Through the lens of her large-format camera,
peers into “Surfland”—the idyllic world she returns to year after year at the juncture of sea and land. Sternbach’s subject matter is surfers on their beaches; yet despite the spontaneity of the weather, tide, and subjects anxious to catch the surf, she employs a laborious 19th-century process—the wet-plate collodion—and embraces the unpredictable medium she must hand-develop on location.
“One of the most rewarding aspects of the medium is the immediacy of the image, like the Polaroid of yesteryear,” she says
of her vintage process, which grants her contemporary subjects the rich, warm tones of a traditional method.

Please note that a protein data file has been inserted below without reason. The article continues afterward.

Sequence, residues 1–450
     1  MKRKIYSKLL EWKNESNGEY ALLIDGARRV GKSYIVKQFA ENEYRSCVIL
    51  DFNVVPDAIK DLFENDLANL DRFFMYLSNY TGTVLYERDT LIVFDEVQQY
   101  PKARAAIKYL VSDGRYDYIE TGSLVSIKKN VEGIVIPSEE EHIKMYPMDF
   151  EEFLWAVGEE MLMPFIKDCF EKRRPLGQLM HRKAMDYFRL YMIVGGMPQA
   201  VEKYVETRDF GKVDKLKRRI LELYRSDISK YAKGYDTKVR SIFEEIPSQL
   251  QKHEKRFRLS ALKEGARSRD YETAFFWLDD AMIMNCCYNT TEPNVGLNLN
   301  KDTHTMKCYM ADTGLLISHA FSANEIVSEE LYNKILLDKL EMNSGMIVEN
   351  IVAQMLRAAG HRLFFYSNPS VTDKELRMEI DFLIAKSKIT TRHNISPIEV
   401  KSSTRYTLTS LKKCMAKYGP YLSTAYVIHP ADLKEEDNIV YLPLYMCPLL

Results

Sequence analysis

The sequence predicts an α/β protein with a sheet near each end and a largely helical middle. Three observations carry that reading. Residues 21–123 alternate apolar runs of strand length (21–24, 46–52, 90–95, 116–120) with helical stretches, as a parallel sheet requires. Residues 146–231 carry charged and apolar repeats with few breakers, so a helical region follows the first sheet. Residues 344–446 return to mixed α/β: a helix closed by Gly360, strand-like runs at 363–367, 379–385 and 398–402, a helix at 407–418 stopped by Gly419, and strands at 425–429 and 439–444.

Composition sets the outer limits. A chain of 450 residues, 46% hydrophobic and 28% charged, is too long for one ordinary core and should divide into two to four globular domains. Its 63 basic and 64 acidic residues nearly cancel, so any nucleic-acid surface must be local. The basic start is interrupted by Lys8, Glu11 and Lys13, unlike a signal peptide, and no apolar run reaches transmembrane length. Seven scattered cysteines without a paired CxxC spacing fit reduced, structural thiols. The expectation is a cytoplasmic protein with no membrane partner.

But how exactly does it work? After Sternbach positions her camera and composes the image, she retreats to a light-safe “dark box” where she coats a tin plate with collodion and sensitizes it with a bath of silver nitrate before placing it in the back of her camera. She makes the exposure while the plate is still wet, returns to the dark box to develop the picture, and then—with her subject watching—rinses her antiquated, one-of-a-kind image in seaside daylight. Explore to see other photographers embracing traditional methods, including another one of our favorites, .